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I have a network using a Catalyst switches and NTP to sync time. The discrepancy in time among workstations can be anywhere from 5ms to 100ms. I know the Catalyst series Switches do not support PTP or GTP. Can I use something like Syn1588® PCIe NICs to overcome the limitations of the switches and have a more precise time in my network?

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    Not all Catalysts are suitable as NTP servers, in particular not the 'bread and butter' 2960/3560/3750 series, for the lack of a hardware RTC (Real Time Clock). What platform are your ntp servers based on? Sep 6, 2017 at 19:37
  • I am using a GPS module for the grandmaster and catalyst 3850s. I have several Linux based server ntp clients as well as workstations and other end devices.
    – tom jolley
    Sep 7, 2017 at 2:32
  • Ah.. sorry for misreading your post. I took from it that you were using Catalyst switches as NTP servers to your end systems - that may lead to some unpredictable results. Hardware routers or the "big switches" might be better in that context). Sep 7, 2017 at 9:26
  • Did any answer help you? If so, you should accept the answer so that the question doesn't keep popping up forever, looking for an answer. Alternatively, you can provide and accept your own answer.
    – Ron Maupin
    Feb 19, 2018 at 18:25

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I'll attempt an answer.

TLDR: In short, to run PTP across a Catalyst switch:

  • use priority queuing for PTP packets/frames
  • use PTP over UDP/IP (probably making QoS configuration a bit simpler)
  • probably, PTP comes as multicast - be sure to have a proper multicast forwarding setup in place.
  • a good NTP set up might be good enough.

Longer: You may choose to switch over from NTP to PTP. There will be some cost and learning curve involved. New NICs, new client side drivers/kernel modules/deamons will need to be configured, debugged analyzed and monitored.

(Not only) Catalyst switches will happily transport PTP packets or frames. You may "help" things a bit with a QoS configuration that puts these frames into the low latency/priority queue.

This will either require marking the packets them with DSCP46/EF at the source (recommended) or by classifying/marking them with DSCP46/EF as they enter your switching infrastructure. You may need to consult the vendor's documentation or use a packet trace of the given PTP packets/frames to find out what properties of the packet you can use for the matching criteria for classification/marking.

From that perspective, it might help to run PTP over UDP/IP, so you can read or set QoS markings from/to a field of the IP header. PTP over IEEE802.3 (i.e. "over Ethernet") might be a bit more difficult to handle in this context, as it might make the QoS classification/marking procedure a bit more difficult.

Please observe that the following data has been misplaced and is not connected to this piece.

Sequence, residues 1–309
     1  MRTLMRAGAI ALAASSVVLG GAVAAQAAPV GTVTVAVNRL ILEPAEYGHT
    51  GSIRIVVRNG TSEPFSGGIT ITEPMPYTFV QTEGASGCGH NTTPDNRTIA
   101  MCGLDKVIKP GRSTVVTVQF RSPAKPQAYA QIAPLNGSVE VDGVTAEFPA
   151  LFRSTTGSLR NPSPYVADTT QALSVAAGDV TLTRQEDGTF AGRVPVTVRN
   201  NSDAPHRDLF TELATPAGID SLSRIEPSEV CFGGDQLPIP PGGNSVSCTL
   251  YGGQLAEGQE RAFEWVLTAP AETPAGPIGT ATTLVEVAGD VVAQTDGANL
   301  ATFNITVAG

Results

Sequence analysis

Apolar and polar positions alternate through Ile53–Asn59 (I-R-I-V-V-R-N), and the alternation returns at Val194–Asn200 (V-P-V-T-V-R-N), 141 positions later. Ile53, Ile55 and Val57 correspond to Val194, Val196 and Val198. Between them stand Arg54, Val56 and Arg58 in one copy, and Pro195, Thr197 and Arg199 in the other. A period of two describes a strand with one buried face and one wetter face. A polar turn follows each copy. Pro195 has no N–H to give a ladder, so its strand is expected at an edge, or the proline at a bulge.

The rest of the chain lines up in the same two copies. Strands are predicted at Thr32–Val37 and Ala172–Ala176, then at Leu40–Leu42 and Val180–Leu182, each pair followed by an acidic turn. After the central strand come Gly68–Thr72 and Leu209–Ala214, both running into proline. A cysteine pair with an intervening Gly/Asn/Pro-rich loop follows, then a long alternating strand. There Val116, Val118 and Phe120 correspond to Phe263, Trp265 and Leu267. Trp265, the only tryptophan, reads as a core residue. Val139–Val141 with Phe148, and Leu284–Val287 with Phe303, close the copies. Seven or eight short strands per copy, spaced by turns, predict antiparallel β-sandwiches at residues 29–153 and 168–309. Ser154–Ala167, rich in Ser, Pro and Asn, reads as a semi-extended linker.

That's aboud all I can say about PTP. I've only come across it once, and all I had to do was making sure that multicast forwarding was working as intended and that the PTP frames were in the priority queue, as was requested by the vendor.

A case for NTP: You may also choose to stick with NTP.

First, learn about your clients. Those of the "simple kind" (happy with fetching the time once a day and stepping their clock accordingly) can make do with a single server, maybe a second one for redundancy. Accuracy for them will be up to their local clocking system, and how accurate it may ever be.

The clients of the sophisticated nature like to discipline (not step) their clock, and they need either one time source, or three-or-more, preferrably not two. NTP mathematics don't work well with two time sources (also see https://tools.ietf.org/id/draft-ietf-ntp-bcp-01.html#rfc.section.4.1). Also, these clients depend on talking to the same servers over a long time, so they can learn how reliable their servers are.

Having GPS receiver as one time source is a very good starting point.

Some suggest a Raspberry Pi with an RTC addon makes a good NTP server as well (in that case connecting to internet based servers over your first ISP).

A third small hardware box connecting to some other time source (i.e. a different set of Internet servers over another ISP) will give you the third source of time (a surplus Cisco 800 series router, maybe?).

If there is an equivalent to DCF77 (https://en.wikipedia.org/wiki/DCF77) in your area, consider using such a radio based source for a fourth small hardware box as well.

Then have the simple NTP clients get their time from either of these three at regular intervals, and let the more sophisticated ones talk to all three/four of them. That should get you very good time quality for most of your systems.

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